Wedding professionals and vendors, ask yourselves: What types of social media and websites do my couples use to research their weddings? Then create active business accounts on and/or advertise through the top contenders. If you provide services to a small geography, find local social media groups or online marketplaces and help out.

2. Relate to your audience.

One of the best ways to help people relate to you or your products is to pivot around a common reference point—an inside joke of sorts that everyone “gets.”

Commercials are the ultimate traditional example when it comes to the Super Bowl, but your execution can be in whatever form you use to raise your brand’s visibility and communicate with your customers:

Old School Reference: The Snickers Brady Bunch commercial, along with the making of it hinges on a memory from our collective past.

Contemporary References: Twerking in Mountain Dew’s Kickstart commercial as well as:

In general, ask yourself: What past or current events are prevalent in my customers’ culture? Then integrate references to one or more in your own campaigns.

Wedding professionals and vendors, ask yourselves: What or who are my couples interests or heritages and how can I provide related services? Examples: home-cooked favorites menu or themed photo booths.

3. Use an event to sell product.

Events, whether your own or others, represent a variety of opportunities to raise awareness or sell directly—back of room sales and sponsorships, to name only two. There are other methods as well.

Old School: Once again, commercials are the obvious, perennial example. These are so popular and (apparently) successful the Super Bowl price tag has risen from $3 million for a 30-second ad in 2009 to as much as $4.5 million for the same spot in 2015.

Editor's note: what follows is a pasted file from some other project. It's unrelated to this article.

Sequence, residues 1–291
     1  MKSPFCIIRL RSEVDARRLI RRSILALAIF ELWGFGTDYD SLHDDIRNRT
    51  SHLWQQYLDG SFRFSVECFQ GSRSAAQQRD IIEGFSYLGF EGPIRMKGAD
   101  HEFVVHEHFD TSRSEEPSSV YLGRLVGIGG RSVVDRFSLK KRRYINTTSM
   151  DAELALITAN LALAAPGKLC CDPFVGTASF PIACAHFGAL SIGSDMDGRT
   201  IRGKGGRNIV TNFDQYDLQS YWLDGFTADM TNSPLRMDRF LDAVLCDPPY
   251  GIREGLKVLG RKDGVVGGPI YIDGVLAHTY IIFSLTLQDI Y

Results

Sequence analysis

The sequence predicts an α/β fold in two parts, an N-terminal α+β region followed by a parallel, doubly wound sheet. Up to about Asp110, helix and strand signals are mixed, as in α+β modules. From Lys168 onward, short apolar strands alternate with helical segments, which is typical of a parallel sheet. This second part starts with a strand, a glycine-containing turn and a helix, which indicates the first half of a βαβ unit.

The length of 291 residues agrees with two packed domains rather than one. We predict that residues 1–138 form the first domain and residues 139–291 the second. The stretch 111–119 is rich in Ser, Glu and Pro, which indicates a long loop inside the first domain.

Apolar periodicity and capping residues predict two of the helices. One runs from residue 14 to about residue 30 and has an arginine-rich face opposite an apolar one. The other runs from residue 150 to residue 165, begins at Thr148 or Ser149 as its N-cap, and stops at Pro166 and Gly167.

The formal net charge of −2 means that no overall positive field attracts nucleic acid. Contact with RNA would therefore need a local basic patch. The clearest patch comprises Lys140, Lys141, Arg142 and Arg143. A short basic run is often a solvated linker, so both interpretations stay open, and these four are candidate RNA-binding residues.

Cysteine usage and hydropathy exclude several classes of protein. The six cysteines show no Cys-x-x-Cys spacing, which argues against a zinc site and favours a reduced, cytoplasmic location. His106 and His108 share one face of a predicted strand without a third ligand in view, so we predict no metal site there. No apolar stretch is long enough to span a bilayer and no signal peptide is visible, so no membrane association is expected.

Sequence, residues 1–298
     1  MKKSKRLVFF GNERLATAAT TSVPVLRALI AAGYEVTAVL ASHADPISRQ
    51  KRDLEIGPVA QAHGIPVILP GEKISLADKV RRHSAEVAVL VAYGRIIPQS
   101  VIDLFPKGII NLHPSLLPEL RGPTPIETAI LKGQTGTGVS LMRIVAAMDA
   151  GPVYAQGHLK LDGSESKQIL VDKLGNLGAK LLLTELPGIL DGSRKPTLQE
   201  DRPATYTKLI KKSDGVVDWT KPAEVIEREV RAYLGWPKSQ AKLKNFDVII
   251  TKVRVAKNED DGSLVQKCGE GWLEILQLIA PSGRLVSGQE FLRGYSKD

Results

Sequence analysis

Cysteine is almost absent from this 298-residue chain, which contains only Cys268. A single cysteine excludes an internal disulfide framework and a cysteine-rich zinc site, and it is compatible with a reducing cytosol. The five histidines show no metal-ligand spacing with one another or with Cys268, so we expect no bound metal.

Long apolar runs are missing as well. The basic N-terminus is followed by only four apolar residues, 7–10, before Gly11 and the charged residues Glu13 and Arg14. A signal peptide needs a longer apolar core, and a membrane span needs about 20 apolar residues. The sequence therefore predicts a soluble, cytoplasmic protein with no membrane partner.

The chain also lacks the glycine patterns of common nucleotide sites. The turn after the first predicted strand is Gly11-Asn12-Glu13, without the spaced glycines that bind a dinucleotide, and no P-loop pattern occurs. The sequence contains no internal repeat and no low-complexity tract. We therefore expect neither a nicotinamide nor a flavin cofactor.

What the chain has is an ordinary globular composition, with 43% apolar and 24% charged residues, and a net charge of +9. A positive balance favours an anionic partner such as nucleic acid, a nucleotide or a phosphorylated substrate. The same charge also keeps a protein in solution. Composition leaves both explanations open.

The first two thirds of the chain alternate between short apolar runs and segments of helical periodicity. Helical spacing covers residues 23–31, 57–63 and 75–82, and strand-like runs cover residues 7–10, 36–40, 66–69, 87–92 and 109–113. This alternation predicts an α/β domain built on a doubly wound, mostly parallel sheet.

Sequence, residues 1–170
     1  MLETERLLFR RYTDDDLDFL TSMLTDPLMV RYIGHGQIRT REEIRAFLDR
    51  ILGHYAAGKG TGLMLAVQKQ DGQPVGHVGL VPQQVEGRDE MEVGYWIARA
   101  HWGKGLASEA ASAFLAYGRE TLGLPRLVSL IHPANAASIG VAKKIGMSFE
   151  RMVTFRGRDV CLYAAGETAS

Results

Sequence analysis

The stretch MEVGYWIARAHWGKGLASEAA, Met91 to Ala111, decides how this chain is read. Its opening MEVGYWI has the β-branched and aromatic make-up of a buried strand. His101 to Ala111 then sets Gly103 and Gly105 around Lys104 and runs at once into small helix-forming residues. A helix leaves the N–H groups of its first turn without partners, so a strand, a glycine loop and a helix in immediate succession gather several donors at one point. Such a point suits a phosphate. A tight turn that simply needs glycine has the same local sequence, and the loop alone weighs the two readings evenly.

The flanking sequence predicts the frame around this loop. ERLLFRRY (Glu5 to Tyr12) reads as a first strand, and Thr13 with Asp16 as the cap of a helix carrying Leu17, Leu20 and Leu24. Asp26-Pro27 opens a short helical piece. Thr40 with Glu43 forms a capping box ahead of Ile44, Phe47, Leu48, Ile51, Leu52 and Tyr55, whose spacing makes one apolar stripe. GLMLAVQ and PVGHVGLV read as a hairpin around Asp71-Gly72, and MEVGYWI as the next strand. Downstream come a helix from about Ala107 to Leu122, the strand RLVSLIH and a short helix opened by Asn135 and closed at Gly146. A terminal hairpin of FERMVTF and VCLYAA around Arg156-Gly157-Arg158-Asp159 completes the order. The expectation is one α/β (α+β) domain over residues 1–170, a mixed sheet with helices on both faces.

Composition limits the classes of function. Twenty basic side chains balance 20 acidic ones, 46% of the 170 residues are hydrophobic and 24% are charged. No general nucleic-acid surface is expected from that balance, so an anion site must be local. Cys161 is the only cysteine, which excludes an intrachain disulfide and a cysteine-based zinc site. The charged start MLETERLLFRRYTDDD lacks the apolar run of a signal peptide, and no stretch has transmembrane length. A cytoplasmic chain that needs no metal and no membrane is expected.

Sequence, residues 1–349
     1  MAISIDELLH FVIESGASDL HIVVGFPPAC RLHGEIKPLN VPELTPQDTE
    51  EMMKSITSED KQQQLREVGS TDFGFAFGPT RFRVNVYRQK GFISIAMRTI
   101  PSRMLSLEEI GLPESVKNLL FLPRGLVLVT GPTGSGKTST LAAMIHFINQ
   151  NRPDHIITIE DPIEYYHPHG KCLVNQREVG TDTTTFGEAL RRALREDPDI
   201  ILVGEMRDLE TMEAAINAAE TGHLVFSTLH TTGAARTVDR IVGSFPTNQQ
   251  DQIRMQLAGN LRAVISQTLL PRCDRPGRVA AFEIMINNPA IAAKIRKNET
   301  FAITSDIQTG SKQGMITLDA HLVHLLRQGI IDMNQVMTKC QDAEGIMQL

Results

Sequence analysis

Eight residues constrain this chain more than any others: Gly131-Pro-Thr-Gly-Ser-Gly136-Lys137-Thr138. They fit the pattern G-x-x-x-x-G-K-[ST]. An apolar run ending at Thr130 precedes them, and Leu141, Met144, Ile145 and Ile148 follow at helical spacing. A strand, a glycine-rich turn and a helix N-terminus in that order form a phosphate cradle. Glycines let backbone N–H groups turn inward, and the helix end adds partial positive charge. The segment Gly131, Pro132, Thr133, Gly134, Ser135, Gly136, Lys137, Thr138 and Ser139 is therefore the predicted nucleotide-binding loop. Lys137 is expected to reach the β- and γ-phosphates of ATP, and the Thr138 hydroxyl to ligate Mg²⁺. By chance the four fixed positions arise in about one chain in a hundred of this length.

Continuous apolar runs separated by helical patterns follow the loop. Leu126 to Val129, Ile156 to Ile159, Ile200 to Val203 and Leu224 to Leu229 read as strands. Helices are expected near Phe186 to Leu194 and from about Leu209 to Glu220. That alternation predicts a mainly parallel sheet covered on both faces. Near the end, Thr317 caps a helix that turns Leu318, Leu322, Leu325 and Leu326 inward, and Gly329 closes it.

Contemporary: Enter merchandising on steroids. This year, Katy Perry sold self-licensed items during her half-time show. No, she didn’t buy a commercial or hawk her wares in between songs. Instead, she partnered with Pepsi to allow fans to purchase via social and other virtual technology. According to the Boston Herald, the merchandise was “promoted — and available to purchase — via Twitter, YouTube, Shazam and Internet-connected TV devices from Roku, Samsung and LG Electronics.”

Also, “using Twitter’s ‘Buy Now’ feature, tweets sent from @katyperry — which has 64.1 million followers — and other accounts including @pepsi and @Visa” allowed people to buy the products via Twitter.

In general, ask yourself: What existing holidays, seminars, or other events may my customers be interested in? Then think of a related promotion. Papa John’s, for examples, asked people to use the coupon code “SuperBowl” before the game in order to receive a free pizza later.

Wedding professionals and vendors, ask yourselves: What major wedding-planning events will my potential customers be going to or watching? Then find ways to sell through those channels, or do a “Papa John” and offer participants a discount or freebie.

If you like these ideas and are looking for others, take a look at the entire Super Bowl Marketing section here.